Matthew W. Corrigan
Illness is the result of imbalance. Imbalance is a result of forgetting who you are. Forgetting who you are creates thoughts and actions that lead to an unhealthy lifestyle and eventually to illness.... Illness can thus be understood as a lesson you have given yourself to help you remember who you are.
The authors analyzed 695 news items. The content of 47.9% (n = 333) of the articles was not strictly related to mental illness, but rather clinical or psychiatric terms were used metaphorically, and frequently in a pejorative sense. The remaining 52.1% (n = 362) consisted of news items related specifically to mental illness. Of these, news items linking mental illness to danger were the most common (178 texts, 49.2%), specifically those associating mental illness with violent crime (130 texts, 35.9%) or a danger to others (126 texts, 34.8%). The results confirm the hypothesis that the press treats mental illness in a manner that encourages stigmatization. The authors appeal to the press's responsibility to society and advocate an active role in reducing the stigma towards mental illness. Reinforcing Stigmatization: Coverage of Mental Illness in Spanish Newspapers. Journal of Health Communication: International Perspectives. Volume 19, Issue 11, 2014
I have found that if I tend to a person's illness rather than to the person, I am going to treat that person as if they are their illness. In doing so, I run the risk of limiting them greatly and helping them to focus in on their illness as if that is all they are. It is so important to see and help a person and not just a condition. Everyone is different, with unique twists and challenges, so the same herbs are not applied for the same 'condition.' The herbs chosen are connected to the whole personincluding their illness, their constitution, their diet, their psychology, their history, their tastes, their lifestyle, and their joys and sorrows. I always try to set a person up to succeed, and take their preferences, abilities, stamina, and financial resources into account when helping choose their plant medicines.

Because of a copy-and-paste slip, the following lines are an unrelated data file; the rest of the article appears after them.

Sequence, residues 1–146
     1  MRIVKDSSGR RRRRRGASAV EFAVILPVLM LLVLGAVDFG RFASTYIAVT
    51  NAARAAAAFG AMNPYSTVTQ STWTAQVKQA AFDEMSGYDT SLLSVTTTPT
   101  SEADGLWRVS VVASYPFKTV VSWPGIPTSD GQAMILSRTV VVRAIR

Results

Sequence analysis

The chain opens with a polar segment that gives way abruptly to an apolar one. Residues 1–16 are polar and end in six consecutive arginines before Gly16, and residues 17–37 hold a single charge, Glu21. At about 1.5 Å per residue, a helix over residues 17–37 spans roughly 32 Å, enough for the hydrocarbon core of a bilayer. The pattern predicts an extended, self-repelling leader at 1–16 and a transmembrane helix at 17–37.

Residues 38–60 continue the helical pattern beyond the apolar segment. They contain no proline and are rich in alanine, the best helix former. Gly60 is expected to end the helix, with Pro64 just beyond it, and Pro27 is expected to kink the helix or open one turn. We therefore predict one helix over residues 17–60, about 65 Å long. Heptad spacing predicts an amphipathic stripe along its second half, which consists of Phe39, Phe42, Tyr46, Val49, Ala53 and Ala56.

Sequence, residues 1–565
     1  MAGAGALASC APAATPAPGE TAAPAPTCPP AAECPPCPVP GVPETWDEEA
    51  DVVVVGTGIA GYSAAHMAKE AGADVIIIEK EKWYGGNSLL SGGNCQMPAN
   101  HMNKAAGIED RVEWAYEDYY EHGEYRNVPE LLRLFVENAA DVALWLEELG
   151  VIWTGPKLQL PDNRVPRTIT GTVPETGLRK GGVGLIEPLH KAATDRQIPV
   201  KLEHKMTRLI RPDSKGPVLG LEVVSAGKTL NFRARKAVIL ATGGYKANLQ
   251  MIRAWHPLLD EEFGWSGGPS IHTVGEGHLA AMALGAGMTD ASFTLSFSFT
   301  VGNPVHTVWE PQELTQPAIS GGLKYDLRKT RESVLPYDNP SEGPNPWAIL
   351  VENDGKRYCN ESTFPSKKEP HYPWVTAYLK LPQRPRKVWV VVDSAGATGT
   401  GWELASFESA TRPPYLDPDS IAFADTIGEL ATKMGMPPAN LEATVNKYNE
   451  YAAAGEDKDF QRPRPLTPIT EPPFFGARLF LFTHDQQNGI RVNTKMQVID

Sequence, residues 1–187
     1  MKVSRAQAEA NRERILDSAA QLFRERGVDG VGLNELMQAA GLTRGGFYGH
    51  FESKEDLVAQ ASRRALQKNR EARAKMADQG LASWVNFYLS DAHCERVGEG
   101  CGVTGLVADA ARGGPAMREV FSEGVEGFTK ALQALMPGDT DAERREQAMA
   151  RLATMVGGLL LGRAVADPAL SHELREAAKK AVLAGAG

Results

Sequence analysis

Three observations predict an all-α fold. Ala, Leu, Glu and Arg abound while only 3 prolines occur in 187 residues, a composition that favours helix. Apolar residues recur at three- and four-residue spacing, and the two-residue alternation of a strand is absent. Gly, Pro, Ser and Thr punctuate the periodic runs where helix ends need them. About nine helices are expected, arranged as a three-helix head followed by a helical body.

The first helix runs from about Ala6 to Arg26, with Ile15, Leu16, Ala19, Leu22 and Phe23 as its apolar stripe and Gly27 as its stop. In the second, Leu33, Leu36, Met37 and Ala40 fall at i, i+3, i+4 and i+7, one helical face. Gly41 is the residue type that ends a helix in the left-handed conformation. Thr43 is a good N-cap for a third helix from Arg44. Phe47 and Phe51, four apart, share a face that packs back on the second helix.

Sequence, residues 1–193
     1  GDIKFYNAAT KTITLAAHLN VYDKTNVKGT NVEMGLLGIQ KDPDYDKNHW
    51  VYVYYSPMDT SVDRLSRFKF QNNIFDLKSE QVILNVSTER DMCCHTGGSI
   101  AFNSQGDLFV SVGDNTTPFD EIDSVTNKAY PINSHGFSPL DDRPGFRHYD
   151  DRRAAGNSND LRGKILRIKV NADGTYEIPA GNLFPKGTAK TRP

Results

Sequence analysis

Robin Rose Bennett
Results of two independent factor analyses of the survey responses of more than 2000 English and American citizens parallel these findings (19, 33): - fear and exclusion: persons with severe mental illness should be feared and, therefore, be kept out of most communities; - authoritarianism: persons with severe mental illness are irresponsible, so life decisions should be made by others; - benevolence: persons with severe mental illness are childlike and need to be cared for." World Psychiatry. 2002 Feb; 1(1): 16-20. PMCID: PMC1489832 Understanding the impact of stigma on people with mental illness PATRICK W CORRIGAN and AMY C WATSON
Patrick W. Corrigan
I'll say it again - mental illness is a physical illness. You wouldn't consider going up to someone suffering from Alzheimers to yell, "Come on, get with it, you remember where you left your keys?" Let us shout it from the rooftops until everyone gets the message; depression has and nothing to do with having a bad day or being sad, it's a killer if not taken seriously.
One physician may gravely exaggerate an illness and give up hope altogether. Another may ignorantly declare that there is no illness and that no treatment is necessary, thus deceiving the patient with false consolation. You may call the first one pessimistic and the second one optimistic. Both are equally dangerous.
Once and for all, people must understand that addiction is a disease. It's critical if we're going to effectively prevent and treat addiction. Accepting that addiction is an illness will transform our approach to public policy, research, insurance, and criminality; it will change how we feel about addicts, and how they feel about themselves. There's another essential reason why we must understand that addiction is an illness and not just bad behavior: We punish bad behavior. We treat illness.